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Multilayer ceramic capacitors and varistors provide UAV power systems with performance & design advantages

Mon, 12/23/2013 - 1:09pm
Pat Hollenbeck, Field Applications Engineer, Advanced Operations, AVX

The power systems designed into today’s advanced military and aerospace applications are incorporating increasingly sophisticated components and design topologies to achieve improved efficiency, weight reduction, and performance enhancements. Two essential criteria for realizing the cutting edge, energy efficient power systems required for high-reliability military avionics applications, such as unmanned aerial vehicles (UAV) (Figure 1), are controlling power quality and voltage stability.


UAVs, originally designed for combat and surveillance missions too dangerous for manned aircrafts, are becoming more common in diverse applications, including: search and rescue, coastal and terrain mapping, traffic and security surveillance, and even border patrol. As a result of this more widespread use of UAVs, improving the performance, efficiency, and reliability of the power systems that they rely upon have become major design considerations.

Typical flight durations for unmanned aircraft missions can extend from several hours to several days, so efficient power conversion, power conditioning, and battery management systems are critical design considerations for improving UAV performance. Incorporating advanced electromagnetic interference (EMI) filtering and transient voltage suppression into UAV power systems are two effective methods for improving system robustness and efficiency. Controlling EMI significantly improves output voltage quality, which results in faster switching frequencies and more effective power conversion, and transient voltage suppression ensures that the power electronics can withstand high voltage spikes –such as lightning strikes, electrostatic discharge (ESD) events, and other forms of fast rise time transients– all of which are possible scenarios when considering both everyday and military operations. Consequently, high-reliability passive electronic components, such as multilayer ceramic capacitors (MLCCs) and multilayer varistors (MLVs), are essential in UAV power systems.

The development and implementation of stringent new military specifications and flight requirement standards, such as DO-160 Environmental Conditions and Test Procedures for Airborne Equipment, has encouraged the development of enhanced MLCC, MLV, and hybrid MLCC/MLV component designs capable of providing improved reliability and performance in mission-critical power systems applications. These rigorous testing procedures, which simulate or even exceed millions of equivalent component hours of constant field use, measure performance specifications such as lightning immunity, in-rush current, and load impedance discharge and qualify only the most robust designs capable of withstanding these situations while still providing peak performance. For example, DO-160 surge voltage waveforms comprise very short rise times to mimic a typical lightning strike event. As such, these tests result in extremely high surge currents and require robust, high-reliability parts specifically designed to withstand such extreme instances.

In response to these stringent military and flight requirement specifications, several new, next-generation series of miniature ceramic capacitors for EMI filtering and multilayer varistors for transient voltage suppression have been developed for use in the power conversion, power conditioning, and battery management systems of the high frequency power supplies designed into mission-critical avionics. These miniature, application-specific devices exhibit maximized capacitance values, optimized parasitics, and improved transient voltage characteristics that enable high frequency power conversion and more stable output voltage characteristics.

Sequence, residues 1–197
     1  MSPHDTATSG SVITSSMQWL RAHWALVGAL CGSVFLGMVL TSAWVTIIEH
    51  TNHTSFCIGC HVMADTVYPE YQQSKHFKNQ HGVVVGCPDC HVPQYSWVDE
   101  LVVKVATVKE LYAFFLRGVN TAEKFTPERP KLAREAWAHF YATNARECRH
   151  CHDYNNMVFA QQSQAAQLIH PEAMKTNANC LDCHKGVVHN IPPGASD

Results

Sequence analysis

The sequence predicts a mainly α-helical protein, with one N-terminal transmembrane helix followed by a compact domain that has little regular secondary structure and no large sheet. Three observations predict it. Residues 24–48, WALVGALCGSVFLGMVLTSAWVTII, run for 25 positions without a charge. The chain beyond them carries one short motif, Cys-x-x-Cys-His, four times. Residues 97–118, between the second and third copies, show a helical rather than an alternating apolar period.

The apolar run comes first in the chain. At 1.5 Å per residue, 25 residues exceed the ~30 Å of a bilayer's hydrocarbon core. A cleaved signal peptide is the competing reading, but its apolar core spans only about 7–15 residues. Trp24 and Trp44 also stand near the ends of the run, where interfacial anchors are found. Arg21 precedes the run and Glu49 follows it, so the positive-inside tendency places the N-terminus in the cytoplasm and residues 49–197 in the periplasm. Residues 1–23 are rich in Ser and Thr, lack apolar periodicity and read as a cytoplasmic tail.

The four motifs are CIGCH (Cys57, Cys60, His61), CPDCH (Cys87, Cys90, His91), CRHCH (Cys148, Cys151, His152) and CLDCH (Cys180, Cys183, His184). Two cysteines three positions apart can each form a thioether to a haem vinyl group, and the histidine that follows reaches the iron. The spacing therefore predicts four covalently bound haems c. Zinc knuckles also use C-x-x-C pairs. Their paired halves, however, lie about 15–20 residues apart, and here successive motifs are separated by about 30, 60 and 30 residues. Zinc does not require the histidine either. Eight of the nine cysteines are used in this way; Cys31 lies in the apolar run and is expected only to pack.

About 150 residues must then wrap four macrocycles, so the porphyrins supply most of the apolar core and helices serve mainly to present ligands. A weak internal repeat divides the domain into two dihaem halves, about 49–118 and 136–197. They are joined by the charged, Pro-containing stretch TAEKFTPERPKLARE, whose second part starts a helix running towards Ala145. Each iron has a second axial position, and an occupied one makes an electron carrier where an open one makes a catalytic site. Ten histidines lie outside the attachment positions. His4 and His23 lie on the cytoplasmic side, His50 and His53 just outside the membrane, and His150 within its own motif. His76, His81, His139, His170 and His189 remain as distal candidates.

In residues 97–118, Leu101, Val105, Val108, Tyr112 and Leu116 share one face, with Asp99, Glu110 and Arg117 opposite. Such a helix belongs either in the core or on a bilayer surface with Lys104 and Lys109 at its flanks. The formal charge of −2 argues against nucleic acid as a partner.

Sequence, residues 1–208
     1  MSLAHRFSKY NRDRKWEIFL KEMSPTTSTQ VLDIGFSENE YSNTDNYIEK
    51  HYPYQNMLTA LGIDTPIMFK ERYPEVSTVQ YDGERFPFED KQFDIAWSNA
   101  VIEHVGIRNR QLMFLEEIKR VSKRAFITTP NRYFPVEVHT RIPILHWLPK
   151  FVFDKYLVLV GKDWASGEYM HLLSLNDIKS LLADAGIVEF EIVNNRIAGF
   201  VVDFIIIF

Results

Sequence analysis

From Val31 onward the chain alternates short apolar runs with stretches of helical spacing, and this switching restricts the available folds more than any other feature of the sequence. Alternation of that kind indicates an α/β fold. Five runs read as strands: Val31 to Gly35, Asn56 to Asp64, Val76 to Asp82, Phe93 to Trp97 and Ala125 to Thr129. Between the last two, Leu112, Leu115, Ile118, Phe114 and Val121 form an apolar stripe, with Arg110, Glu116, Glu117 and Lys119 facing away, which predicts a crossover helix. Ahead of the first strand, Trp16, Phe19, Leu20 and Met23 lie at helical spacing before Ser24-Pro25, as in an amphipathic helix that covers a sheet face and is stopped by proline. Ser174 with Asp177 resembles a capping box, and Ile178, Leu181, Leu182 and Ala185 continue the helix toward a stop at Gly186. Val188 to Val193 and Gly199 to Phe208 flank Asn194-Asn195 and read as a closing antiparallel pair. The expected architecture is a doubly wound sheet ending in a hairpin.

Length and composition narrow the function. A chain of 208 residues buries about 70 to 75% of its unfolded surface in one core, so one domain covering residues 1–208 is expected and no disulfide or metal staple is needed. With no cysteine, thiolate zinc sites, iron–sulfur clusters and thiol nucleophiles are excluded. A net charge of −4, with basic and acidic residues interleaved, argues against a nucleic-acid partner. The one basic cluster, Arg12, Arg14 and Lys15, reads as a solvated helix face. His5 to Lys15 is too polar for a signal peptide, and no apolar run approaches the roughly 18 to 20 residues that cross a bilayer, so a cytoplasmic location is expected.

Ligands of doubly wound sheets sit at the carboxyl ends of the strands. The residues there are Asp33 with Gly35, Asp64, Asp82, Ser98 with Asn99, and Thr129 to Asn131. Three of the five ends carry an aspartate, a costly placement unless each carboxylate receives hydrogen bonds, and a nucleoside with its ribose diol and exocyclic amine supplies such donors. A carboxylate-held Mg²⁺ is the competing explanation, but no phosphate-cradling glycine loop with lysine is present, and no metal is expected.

Recent advancements in the materials systems, internal electrode designs, and leadframe configurations of MLCCs have resulted in high volumetric efficiency EMI filter capacitors capable of enabling lightweight UAVs that require less propulsion and power to remain airborne. For example, MLCCs placed on the I/O lines of a power supply or converter suppress EMI noise and reduce voltage ripple, which improves output voltage quality. New MLCC designs also feature minimized parasitics, such as equivalent series resistance (ESR) and equivalent series inductance (ESL), which enable higher switching frequencies in power supplies and converters, effectively improving the overall efficiency of UAV power management systems.

Similar materials and design updates incorporated into next-generation multilayer varistors have resulted in their ability to provide advanced voltage clamping in a single chip, effectively suppressing transient voltages and protecting sensitive electronics from high voltage spikes. The turn-on time for these devices is also faster than any silicon transient voltage suppression (SiTVS) diode, diverting more energy and current away from the IC than any other circuit protection device available (Figure 2). Additionally, MLVs have multiple strike capabilities, high peak inrush current capabilities, high thermal stability, and EMI/RFI (radio-frequency interference) suppression capabilities.


Capable of providing complete solutions for EMI filtering and transient voltage suppression, advanced new MLCC, MLV, and hybrid MLCC/MLV component technology developed in response to stringent new military specifications and flight requirements continues to enable the development of high efficiency, high performance, lightweight, robust, and dependable power systems for use in UAV and other mission-critical, high-reliability applications.

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